I wanted to write a screenplay or at least a spec script that has a high concept but the problem is that I don't how to work around some ideas or how to execute them well.
Anyone got any advice on this?
Copy the link below to share this page:
Just take every scene header/slugline and add "in Space" to the end before the "Time". Just kidding of course. Maybe this will help:
The concept is just the setting and rules of the world. There is no special formatting or tricks. You'll have to show the world and the rules as if you are the director.
I found "Save the Cat" very useful. Try it!
What is your definition of "high concept" and what genre?
Go read Terry Rossio's articles on word player site.
I'm reading "Bright" script by Max Landis. It's a high concept buddy cop story.
1 is human. The other Alien. And I dont mean illegal Alien but "Alien from outer space."
The 2 cops are doing every day police work.
Find out about the loglines of high concepts like The Gladiator, you would be amazed. There are are no special theatrics. Just convey the turning points in your story, leave the rest.
Gladiator is not "high concept" . Again, ask people working
Well, @Dan Maxx. It depends on your definition of "high concept". Tangled web like storylines dont really classify.
I think people equate high concept to high budget. This, in my opinion is not necessarily the case. High concept is an idea that can be said in one quick line. -Die Hard under water. Castaway on Mars. All is lost, in space.
Let's give general industry definition and use of the term "high concept," not personal definition. High Concept is about the premise, not the story, per se. High Concept means a premise is easily understood and the potential is obvious—at the logline. High Concept is pitch driven, not necessarily story driven. A High Concept premise should be unique, original. A High Concept premise has to have mass audience appeal, and a specific "twist" that can easily be visualized by anyone. Don't confuse "high concept" as meaning something complex, or character-driven, or artistic, or something highly intelligent. Rather the opposite. Lol! GLADIATOR is not High Concept, but SNAKES ON A PLANE is indeed. ;)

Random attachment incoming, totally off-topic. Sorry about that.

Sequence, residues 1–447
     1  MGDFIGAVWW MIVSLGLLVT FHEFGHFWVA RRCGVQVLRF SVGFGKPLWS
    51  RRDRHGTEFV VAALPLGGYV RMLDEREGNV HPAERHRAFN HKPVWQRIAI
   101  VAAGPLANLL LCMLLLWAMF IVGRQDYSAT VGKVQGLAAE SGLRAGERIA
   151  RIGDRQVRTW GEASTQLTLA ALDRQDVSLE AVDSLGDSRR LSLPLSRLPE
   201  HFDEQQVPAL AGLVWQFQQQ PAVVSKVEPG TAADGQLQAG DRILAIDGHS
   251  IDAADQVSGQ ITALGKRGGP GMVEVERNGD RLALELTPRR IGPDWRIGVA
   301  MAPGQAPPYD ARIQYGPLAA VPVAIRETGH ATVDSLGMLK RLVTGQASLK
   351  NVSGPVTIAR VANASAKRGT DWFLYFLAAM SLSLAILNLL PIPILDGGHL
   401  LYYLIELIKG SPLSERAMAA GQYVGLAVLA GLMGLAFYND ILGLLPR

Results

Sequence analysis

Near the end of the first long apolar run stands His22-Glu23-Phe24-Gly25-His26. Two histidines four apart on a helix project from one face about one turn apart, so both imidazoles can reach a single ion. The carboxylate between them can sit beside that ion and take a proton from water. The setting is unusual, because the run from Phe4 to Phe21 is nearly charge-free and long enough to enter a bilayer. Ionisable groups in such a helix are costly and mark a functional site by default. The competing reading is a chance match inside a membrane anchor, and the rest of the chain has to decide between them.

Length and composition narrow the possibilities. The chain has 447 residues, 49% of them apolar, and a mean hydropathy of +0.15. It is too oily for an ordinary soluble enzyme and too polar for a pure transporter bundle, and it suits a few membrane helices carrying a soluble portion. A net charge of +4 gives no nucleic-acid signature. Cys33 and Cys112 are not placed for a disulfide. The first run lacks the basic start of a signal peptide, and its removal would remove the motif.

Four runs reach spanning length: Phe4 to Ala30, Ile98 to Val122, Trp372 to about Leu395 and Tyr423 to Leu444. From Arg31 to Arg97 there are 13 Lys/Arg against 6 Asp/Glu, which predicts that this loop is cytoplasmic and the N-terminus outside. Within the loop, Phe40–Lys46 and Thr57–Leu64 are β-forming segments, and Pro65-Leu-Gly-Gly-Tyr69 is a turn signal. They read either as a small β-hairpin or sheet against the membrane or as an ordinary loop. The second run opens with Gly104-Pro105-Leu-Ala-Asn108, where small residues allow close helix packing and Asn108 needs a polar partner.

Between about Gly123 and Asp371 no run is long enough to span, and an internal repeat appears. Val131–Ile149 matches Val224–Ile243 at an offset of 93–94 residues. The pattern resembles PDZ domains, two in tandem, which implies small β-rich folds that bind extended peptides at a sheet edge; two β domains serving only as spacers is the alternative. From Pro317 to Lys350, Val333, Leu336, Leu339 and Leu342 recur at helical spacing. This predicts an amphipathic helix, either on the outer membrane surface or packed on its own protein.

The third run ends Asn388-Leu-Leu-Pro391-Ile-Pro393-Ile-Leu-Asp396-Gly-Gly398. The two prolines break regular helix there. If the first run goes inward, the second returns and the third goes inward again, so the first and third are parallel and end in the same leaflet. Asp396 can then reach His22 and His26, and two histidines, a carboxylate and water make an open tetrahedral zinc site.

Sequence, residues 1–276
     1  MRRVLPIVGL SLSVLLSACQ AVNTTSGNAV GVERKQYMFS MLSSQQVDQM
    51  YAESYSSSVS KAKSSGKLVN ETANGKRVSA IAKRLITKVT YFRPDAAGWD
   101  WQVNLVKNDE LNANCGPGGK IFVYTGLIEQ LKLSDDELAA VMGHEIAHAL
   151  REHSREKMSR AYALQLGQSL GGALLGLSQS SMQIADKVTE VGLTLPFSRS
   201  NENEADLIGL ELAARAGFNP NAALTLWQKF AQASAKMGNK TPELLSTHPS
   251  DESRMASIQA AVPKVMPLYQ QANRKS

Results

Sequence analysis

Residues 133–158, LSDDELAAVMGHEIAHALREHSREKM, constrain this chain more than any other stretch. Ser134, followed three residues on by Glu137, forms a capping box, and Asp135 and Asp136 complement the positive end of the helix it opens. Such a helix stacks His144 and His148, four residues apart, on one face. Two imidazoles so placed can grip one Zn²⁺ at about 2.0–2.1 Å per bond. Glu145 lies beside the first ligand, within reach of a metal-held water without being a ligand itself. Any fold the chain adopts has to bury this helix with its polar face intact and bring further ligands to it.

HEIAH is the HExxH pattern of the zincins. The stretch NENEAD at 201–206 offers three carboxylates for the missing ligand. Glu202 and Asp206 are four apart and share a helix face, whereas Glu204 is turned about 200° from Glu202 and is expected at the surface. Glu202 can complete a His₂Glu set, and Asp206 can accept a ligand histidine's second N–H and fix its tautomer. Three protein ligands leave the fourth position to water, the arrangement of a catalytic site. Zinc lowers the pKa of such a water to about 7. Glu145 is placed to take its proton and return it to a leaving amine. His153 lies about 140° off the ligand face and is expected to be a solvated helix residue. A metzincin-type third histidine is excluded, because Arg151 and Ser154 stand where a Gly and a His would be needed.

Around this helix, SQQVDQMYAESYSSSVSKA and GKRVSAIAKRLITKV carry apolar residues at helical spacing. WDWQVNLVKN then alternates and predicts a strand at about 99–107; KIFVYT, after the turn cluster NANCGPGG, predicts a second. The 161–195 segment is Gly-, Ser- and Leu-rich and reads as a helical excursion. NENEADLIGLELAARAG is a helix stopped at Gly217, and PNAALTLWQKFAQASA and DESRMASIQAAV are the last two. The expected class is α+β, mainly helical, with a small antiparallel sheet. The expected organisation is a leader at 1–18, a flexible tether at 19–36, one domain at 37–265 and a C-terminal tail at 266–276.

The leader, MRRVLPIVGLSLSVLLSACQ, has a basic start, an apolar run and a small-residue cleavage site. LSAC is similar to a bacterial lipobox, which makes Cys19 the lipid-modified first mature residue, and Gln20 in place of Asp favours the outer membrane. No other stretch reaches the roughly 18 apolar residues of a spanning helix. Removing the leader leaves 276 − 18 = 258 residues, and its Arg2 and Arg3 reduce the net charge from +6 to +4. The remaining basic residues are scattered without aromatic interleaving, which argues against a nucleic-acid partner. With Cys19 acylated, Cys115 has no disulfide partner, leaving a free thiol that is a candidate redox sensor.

Hm. That's interesting, Erica. I agree not to equate high concept to high budget but would think high concept is a story like Back to the Future, innovative, perfectly told and with surprising and most creative twists and in this case even (obviously) with informations from Silicon Valley about how our technical standard will be in the future. Even the camera "Doc" used in BBTF III looks like an iPhone, so there must have been connections and this - for me - is a high concept.
The 5,000th version of Romeo and Julia, today on the Moon, tomorrow dying as junkies, is no high concept in my opinion.
Okay, Beth, your comment appeared after I wrote mine. :)
Dan M, wasn't there a TV series years ago... A cop/detective and an Alien cop (Newcomers) working together? It was ALIEN NATION, right? ...Hmmm, I don't know... Max Landis' "Bright" doesn't sound that original. Perhaps he's put a twist on an old twist. Lol!
It is called a "homage." Landis' BRIGHT is TRAINING DAY with Will Smith and an Alien partner.
Dan MaxXx You mean "Bad Boys"?
No, I mean TRAINING DAY or END OF WATCH.
David Ayer is reinventing Will Smith.
Beth Fox Heisinger . While I'm in the same opinion that complex stories aren't necessarily high concepts. Is the Spiderman movie a high concept?
Dan MaxXx Sorry Dan, it was a bad joke in reference to your "Will Smith and an Alien partner".
All good, Chad. Pray they lens Bad Boys 3 by Fall 2017. Do a high concept cross over. Bad Boys 3 fighting pirates of the Carribeans, with help from Top Gun fighter pilots and Transformer robots.
Psst, Jerry Bruckheimer- call me! I wrote the treatment!